In this blog post, you will find a variety of teaching tips to help your students learn more about comparing 3-digit numbers. These tips will help students use <, >, and = symbols as well as place value strategies when comparing. You will find anchor charts, hands-on activities, technology suggestions, and assessments to help you teach this standard effectively. Best of all, your students will have fun learning.
2nd Grade Standard:
2.NBT.4: Compare two three-digit numbers based on meanings of the hundreds, tens, and ones digits, using >, =, and < symbols to record the results of comparisons.
Create Anchor Charts
When teaching comparing 3-digit numbers, it is important to discuss the comparison symbols first. Students need many opportunities to see these symbols. Anchor charts offer a great visual and are perfect for student reference throughout the unit. The second anchor chart offers a step-by-step process for comparing 3-digit numbers using place value. This unit builds on previous place value knowledge, so these anchor charts are also good for review.
How to Relate Comparing to Place Value
When teaching students about comparing 3-digit numbers, it is important to relate this to place value. Teaching students to start at the hundreds place when comparing is essential. This will help them quickly decide if they can find the answer or if they need to move on to the tens place and ones place. The activity shown above allows students to practice using place value and comparison symbols.
Make it Concrete
Hands-on activities make comparing numbers more concrete for students. These comparing 3-digit number games and activities allow students to not only think critically about the numbers they are comparing, but also about the symbols and comparison words. These activities can be used in small groups, during partner time, or individually.
This activity is another hands-on way for students to practice comparing 3-digit numbers. This activity builds on the previous one shown by taking away the comparison words. Students will now be using their knowledge of the symbols and place value to compare. By allowing students to practice in multiple ways, they will develop a deeper understanding of the concept.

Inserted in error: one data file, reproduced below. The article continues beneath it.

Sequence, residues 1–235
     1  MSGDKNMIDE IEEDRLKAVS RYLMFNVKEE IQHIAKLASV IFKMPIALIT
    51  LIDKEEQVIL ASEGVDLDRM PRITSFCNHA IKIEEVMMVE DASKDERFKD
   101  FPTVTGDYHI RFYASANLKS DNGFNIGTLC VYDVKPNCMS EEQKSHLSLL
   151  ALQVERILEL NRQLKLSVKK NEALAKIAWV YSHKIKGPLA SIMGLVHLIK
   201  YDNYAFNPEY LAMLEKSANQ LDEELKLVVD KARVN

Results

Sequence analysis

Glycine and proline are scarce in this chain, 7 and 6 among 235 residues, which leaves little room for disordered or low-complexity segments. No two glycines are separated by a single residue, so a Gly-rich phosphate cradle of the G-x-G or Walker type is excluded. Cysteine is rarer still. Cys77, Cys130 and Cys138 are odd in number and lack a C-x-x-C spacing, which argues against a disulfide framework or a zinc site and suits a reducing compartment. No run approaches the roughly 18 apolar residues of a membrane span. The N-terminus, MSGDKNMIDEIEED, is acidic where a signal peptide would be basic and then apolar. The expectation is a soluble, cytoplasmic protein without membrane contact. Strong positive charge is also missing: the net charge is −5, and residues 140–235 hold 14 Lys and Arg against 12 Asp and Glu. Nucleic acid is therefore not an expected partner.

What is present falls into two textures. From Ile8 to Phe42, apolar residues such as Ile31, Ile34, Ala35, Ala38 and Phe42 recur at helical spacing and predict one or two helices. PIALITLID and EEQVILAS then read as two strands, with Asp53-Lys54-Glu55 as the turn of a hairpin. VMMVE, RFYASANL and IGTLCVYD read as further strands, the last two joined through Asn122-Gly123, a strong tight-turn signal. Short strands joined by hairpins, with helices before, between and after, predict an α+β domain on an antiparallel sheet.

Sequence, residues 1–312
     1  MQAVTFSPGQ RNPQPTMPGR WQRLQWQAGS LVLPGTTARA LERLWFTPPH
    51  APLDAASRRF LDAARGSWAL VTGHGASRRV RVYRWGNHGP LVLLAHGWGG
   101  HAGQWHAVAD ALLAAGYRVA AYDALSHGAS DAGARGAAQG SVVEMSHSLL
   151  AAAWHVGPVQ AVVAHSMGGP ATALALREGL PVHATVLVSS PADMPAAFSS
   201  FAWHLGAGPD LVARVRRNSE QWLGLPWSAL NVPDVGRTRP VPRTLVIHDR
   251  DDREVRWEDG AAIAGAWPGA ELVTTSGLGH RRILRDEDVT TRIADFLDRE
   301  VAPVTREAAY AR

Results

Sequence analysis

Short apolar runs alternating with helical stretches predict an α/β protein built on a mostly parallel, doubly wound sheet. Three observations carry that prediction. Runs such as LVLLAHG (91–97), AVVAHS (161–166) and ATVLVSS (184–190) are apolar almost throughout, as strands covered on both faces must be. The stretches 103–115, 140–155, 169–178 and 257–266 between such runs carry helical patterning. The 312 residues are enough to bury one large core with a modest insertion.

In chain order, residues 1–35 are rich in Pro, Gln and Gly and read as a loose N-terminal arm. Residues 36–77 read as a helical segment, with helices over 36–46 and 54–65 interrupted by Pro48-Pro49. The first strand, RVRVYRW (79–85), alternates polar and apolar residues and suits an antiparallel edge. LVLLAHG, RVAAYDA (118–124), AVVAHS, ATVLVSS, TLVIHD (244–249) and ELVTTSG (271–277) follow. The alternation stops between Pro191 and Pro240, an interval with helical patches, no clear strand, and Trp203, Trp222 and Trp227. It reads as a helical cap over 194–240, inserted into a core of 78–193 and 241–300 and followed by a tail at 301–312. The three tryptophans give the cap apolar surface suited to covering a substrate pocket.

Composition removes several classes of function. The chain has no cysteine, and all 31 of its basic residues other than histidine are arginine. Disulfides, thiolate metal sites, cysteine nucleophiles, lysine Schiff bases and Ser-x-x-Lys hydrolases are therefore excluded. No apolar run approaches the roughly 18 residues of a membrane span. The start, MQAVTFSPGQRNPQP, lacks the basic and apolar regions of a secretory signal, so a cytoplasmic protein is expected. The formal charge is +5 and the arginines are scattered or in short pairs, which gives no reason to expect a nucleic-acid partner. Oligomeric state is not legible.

Differentiate Skills for Students
In the comparing numbers resource shown throughout the blog post, there are many options for differentiating activities. There are activities for comparing 3-digit numbers for 3 different levels: remedial, on-level, and advanced. Use these differentiated resources during your math group time to give your students the support they need. As they progress, they will be able to move on to the next level’s activities. Differentiation is very important for students during math because their learning skills will be varied. The way that they learn will also need to be varied.
Allow Lots of Ways to Practice
As I mentioned, allowing students to practice this skill in multiple ways creates a deeper understanding of the concept. These activities encourage students to make the number sentence true, which in turn, makes them use their brain in a different way. The spinner activity is always a hit as it makes math fun for the students. Not only are students practicing comparing during this activity, but they are also applying their place value skills.
(Link: BrainPop Jr. Game)
Another fun way to practice comparing numbers is with technology. This BrainPop Jr. math game is an interactive activity that students will love. Incorporating technology adds another opportunity for students to learn and is great for those visual and auditory learners.
Lastly, it is important that you assess your students’ knowledge of this skill. This unit provides different assessments to help you see where your students are struggling and where they are excelling. This will drive your instruction. Subsequently, it will help you as the teacher structure your small groups. These assessments can be given as a quiz, a bell ringer, or an exit slip.
Resources You May Like
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I have created a few Place Value activities in ready-made Google Slides. These are for second grade.
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Thank you so much for reading these math tips. If you’d like more blog posts about math skills, check these out.